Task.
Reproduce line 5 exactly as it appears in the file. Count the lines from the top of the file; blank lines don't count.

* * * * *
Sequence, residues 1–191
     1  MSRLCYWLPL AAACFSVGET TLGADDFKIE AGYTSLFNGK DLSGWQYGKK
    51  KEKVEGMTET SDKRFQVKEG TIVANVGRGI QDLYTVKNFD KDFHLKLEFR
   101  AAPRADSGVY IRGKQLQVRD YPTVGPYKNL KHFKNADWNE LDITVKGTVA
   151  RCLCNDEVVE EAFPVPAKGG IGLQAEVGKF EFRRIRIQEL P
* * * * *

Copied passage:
   151  RCLCNDEVVE EAFPVPAKGG IGLQAEVGKF EFRRIRIQEL P